What are some tips on implementing zero trust security?
- Determine your protect surfaces
- Identify the users who have network access
- Adopt an “assume breach” mindset
- Utilize multi-factor authentication
- Grant the least privilege
- Focus on adaptive control
- Delegate the implementation to experts
Zero trust security is a type of security framework with a principle of the least privileged access, so no user or application is inherently trusted. Its main principle is to “never trust, always verify”. When implemented properly, it leads to better access control, reduced risk of a data breach, and improved security of your remote workforce. If you’re interested, keep on reading for some tips on implementing the Zero Trust Security model.
Determine Your Protect Surfaces
The first thing you need to do is to identify your protect surfaces. These are the things that are valuable to your business — such as data, applications, assets, and services. You need to protect these to ensure the normal operation of your business. By doing this first, you can focus on securing what really matters.
By knowing the things you need to prioritize protecting, you can better control who is granted access, how they access them, and when they access them. This is important as cyberattacks and data breaches today can be done through weak, stolen, or compromised credentials.
Identify The Users Who Have Network Access
Identify the users who need access to your digital resources. Aside from regular employees, these could be third-party contractors, service accounts, administrative accounts, and others.
Figure out if there are users with high-value access and data that are most likely to be targeted by attackers. This is important as attackers are increasingly focusing on targets that have access to highly valuable data.
Adopt An “Assume Breach” Mindset
Cyberattackers can steal credentials and use them to access your system and move laterally in the network. This is why you cannot put trust in whether a user or device is inside or outside your network.
The Zero Trust model requires you to have an “assume breach” mindset, which means that you always assume that cyber-attacks will happen. This shift in mindset changes your defense strategies from a passive to a more active stance. This way, instead of assuming that everything behind the corporate firewall is safe, you will fully authenticate first before granting access.
Utilize Multi-Factor Authentication
Multi-factor authentication (MFA) plays a significant role in achieving Zero Trust Security. It provides an additional layer of security by requiring additional factors before a user can access a network. Aside from passwords, these factors could be something that a user knows, like an answer to a security question. Or something that a user has, like a one-time password sent through an authenticator app, instead of SMS. This is because the latter is prone to spoofing and may incur extra charges, making authenticator apps the more reliable of the two. Lastly, an MFA factor can also be something that the user is, which refers to biometric authentication.
MFA is an important part of the Zero Trust model because it makes it more difficult for an attacker to gain access to network resources.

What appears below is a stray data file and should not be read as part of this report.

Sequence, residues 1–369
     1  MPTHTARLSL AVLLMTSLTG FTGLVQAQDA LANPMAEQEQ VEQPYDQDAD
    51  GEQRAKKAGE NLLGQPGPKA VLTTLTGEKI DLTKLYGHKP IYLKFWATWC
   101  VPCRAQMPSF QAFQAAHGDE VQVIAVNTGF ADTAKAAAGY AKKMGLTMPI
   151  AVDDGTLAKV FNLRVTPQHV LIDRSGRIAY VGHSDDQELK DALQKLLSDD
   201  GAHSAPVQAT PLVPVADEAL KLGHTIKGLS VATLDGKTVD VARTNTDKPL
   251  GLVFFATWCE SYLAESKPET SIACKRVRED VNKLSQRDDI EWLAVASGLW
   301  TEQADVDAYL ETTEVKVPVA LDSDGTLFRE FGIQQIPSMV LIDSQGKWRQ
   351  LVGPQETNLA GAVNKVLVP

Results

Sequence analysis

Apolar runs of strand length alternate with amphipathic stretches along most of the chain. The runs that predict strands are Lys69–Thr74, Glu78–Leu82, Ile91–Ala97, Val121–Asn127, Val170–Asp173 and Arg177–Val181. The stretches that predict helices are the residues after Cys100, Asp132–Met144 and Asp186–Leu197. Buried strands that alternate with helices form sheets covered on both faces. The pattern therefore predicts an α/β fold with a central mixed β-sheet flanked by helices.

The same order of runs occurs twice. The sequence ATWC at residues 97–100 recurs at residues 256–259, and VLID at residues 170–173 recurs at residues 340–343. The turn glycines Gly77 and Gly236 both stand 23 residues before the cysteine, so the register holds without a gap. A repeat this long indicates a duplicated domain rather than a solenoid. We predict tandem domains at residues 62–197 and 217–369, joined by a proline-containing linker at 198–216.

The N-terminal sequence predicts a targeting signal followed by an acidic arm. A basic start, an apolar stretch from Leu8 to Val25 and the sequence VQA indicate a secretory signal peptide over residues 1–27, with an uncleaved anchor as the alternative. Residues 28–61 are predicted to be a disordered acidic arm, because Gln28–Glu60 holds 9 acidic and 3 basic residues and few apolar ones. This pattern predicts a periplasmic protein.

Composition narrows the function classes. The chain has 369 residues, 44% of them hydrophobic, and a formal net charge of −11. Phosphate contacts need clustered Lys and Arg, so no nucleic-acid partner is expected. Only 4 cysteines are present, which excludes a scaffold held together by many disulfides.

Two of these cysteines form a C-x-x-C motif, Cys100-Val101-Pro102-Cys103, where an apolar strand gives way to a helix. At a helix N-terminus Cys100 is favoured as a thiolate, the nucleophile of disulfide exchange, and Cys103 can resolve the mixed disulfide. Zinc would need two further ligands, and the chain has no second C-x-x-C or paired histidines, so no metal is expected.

Grant The Least Privilege
The principle of the least privilege refers to only giving the minimum levels of access needed to perform a job. Granting limited access to only the required resources can help minimize the effects of a potential intrusion. By doing this, an attacker will have a smaller footprint where they can move in.
This is considered one of the best practices in cybersecurity and Zero Trust Security, as it protects privileged access to high-value data and assets. Aside from human users, the least privilege principle is also applied to applications, systems, and connected devices that require permissions to perform a function or task.
Focus On Adaptive Control
Access requests in a Zero Trust Network should be adaptive to the risk context. Each user’s risk profile will depend on several factors such as the role of the user, their location, resources to be accessed, and user behavior. For example, if the request comes from a potentially risky location, a higher level of verification should be required before being granted entry.
Adaptive authentication also looks at a user over a period to learn their baseline behavior. Through machine learning, it is possible to study their behavior and find unusual activities. This type of preventive action is done in order to minimize security risks.
Delegate The Implementation To Experts
With all its benefits, some businesses still haven’t given Zero Trust Security any thought, even though it has become a standard today, especially with the adoption of remote work. By giving employees the chance to use any device, they can work more flexibly. But there is no guarantee that they’re keeping their devices safe and following best practices when working.
But even if businesses want to implement Zero Trust Security, it might take time and effort to work out how to incorporate this framework into an existing IT infrastructure.
For this reason, it’s beneficial to delegate the implementation to the experts. By opting for Zero Trust Service, a professional team will work with your company to implement this framework successfully. This is beneficial because each Zero Trust network is customized around the protect surfaces.
If you need more tips on implementing Zero Trust Security, you can send us a message here at CT Link! We offer Zero Trust Service to help you safely integrate a Zero Trust Security into your existing IT infrastructure. We will work closely with your team to define your protect surfaces, map the flow of data, design a Zero Trust Network, create Zero Trust policies, as well as, monitor and maintain the network.